BR: Yes, I did. Senator Bill Bradley was one of the participants back then and what they did back then was a good deal different than how the Olympic Trials are done now……..they would bring in groups of teams of all-stars on various teams and they would play a series of games. And generally speaking, the team that won, in these series of games, or had the most wins, then they would have the most players to compose the Olympic team. And back in those days the league that we played in ……..of course professionals weren’t eligible back then, but the league that we played in the majority of the Olympic team was made up of players from that league. So I played in the 1964 Olympic Trials in New York City against guys such as Senator Bill Bradley and others up there. We had a fella that played on our team then that went on to make the Olympic team, and was the leading scorer on that team and captain of the team, Jerry Shipp (sp?) and he was a tremendous player, a tremendous shooter, and all-around player. But we had some very, very fine teams and players that played back in those days, and that was something that I will always remember, playing in the Olympic Trials. And I also played in some other tournaments, world tournaments, and we had teams that represented the whole United States and we went into Santiago, Chile, and played in a tournament there against the Russians, the Yugoslavians, and a lot more of the major basketball-playing countries back in those times. And we played in a soccer stadium there in Santiago and it seated about 100,000 people for soccer and we had some 50,000 – 60,000 there for basketball. I’ll never forget this…….we marched in just like the Olympics each country carrying their own flag and I had the good fortune of being the captain of the U.S. team and I got to carry the United States flag in as we marched in. One amusing thing that happened at that tournament while we were playing there, being outdoors, the dew would begin to fall early in the night when the sun would go down and it made the floor slick, and guys were slipping and sliding and falling down all over the floor. So every five or ten minutes, they didn’t know what to do to keep the floor dry so they could finish the games, so they brought in piles of sawdust and put it on the sidelines, so every ten minutes after the dew would fall they would take the brooms and sweep the sawdust onto the floor where it would absorb the dew then we could play another five or ten minutes………it would be a timeout every five or ten minutes and they would put the sawdust on there. (LAUGHS) Then I played in some other countries where we played outdoors, actually on sand courts, where it would be just like a baseball diamond where you had chalk for free throw lines, the out of bounds lines, and that type of thing. So, I’ve really had some great experiences. But you had to be a pretty good shooter back in those days when you’re playing on those outdoor courts because you had to worry about the wind you see, when the wind was blowing it would blow your ball when you’d shoot (LAUGHS). So we had a lot of fun and certainly a lot of experiences, I got to do a lot of traveling and all those type things. So basketball has really been great to me.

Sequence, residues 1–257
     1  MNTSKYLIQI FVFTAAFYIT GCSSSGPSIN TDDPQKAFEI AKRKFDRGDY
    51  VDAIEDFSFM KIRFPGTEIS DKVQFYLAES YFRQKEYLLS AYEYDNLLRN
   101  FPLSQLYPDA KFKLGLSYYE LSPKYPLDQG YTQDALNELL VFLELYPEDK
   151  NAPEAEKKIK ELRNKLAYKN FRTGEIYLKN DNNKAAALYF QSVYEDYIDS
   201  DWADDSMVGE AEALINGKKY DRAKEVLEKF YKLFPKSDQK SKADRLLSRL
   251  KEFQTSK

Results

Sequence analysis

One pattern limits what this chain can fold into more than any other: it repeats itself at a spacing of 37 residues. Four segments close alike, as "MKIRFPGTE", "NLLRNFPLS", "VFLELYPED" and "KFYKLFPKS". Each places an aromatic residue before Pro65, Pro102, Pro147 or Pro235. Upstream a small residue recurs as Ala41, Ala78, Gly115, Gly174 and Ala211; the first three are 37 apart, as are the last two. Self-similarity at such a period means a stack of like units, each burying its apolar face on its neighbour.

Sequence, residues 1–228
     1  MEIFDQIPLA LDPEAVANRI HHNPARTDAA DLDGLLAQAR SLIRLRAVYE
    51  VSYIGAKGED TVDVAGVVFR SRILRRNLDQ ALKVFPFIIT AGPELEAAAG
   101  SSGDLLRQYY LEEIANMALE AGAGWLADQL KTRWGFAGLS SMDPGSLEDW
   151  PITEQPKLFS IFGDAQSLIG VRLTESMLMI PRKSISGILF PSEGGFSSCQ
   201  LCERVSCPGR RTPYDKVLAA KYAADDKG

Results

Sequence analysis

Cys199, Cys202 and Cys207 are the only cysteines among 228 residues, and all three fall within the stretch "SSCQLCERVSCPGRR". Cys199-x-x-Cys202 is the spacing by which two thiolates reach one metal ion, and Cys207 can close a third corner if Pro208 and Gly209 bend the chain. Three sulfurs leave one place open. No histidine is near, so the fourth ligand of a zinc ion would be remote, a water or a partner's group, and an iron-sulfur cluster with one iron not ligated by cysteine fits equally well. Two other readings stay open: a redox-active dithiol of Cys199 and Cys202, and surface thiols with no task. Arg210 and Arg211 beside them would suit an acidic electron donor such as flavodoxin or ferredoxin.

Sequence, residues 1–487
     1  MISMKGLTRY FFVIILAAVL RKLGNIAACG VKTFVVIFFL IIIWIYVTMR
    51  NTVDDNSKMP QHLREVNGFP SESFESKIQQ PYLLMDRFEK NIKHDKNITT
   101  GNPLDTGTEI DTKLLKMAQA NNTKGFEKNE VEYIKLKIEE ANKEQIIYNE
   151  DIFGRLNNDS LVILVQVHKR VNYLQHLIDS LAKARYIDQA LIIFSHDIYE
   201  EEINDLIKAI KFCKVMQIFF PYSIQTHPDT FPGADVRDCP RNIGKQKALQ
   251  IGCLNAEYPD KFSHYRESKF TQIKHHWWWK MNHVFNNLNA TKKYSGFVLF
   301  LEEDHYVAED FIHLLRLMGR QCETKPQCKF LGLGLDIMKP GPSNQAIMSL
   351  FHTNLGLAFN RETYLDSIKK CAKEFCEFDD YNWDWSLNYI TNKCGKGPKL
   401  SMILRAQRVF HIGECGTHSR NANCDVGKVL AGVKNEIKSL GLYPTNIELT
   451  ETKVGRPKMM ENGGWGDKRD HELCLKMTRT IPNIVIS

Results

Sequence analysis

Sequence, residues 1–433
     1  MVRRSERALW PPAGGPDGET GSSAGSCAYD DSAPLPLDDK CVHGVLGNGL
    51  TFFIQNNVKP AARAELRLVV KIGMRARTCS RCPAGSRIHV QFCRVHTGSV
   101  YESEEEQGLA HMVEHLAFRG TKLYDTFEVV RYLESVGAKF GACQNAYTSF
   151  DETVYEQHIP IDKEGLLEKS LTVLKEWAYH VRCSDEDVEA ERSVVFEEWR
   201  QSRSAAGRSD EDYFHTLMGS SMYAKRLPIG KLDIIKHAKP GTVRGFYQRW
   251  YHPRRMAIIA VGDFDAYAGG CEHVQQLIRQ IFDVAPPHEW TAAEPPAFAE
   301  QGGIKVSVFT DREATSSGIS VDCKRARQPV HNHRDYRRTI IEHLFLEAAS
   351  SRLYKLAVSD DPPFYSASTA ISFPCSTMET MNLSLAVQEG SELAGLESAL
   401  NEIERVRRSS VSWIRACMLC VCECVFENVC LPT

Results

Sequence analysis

HH: Did you get drafted into the NBA when you were graduated?
BR: I was drafted in 1962…….I was the 17th overall draft pick, but now days that would be in the middle of the first round. But I was drafted by the New York Knicks and I went up there and talked to those people at that time and they wanted to sign me. Of course I had this opportunity also with the Phillips 66 Oil Co., and I didn’t mention a while ago but not only did you play basketball for them but you had a position in the company and you worked for them, and once your basketball playing was over then you had been trained for a particular position in a certain dept. in the company and you just moved right on into that position and you had a career going for you. So back in those days that was enticing and that was a good deal for a lot of individuals, so I did do that for four years and then after that I went into the American Basketball Association, which was being formed just at the time I was finishing up with Phillips, and I played for about 2 1/2 years with the Kentucky Colonels in the old ABA up there……..and there’s a lot of good times that we had………..
HH: You played for Johnny Givens to start with?
BR: Johnny Givens was the first coach, a Western person, and John lasted only part of a year there. Then Gene Rhodes, who was here at Western at that time as an assistant coach, had a good reputation and was from Louisville, and so he was hired then to come in as the coach of the Kentucky Colonels, and so I played most of my professional career for Gene Rhodes with the Colonels.
HH: Do you ever regret not going to the NBA?
BR: Well…….not so much. Especially since I had this opportunity later to play in the ABA but if I hadn’t of done that I think I would more so, because you see, that’s kind of the ultimate maybe, the best players so to speak, that were around at the time. And I was a little bit afraid, being a country boy as I was, and being drafted by the Knicks and going to New York City (LAUGHS) and living in New York City and playing basketball, that kind of frightened me. So as a result of that it made it a little bit easier for me to decide to play with the Phillips 66 Oil Co. So I don’t regret that, I had an opportunity to travel all over the world. I’ve been to some 30-40 foreign countries and seen how all of those people live and exist, so it was an education in itself during those four years that I was with Phillips out there. So I don’t regret that at all.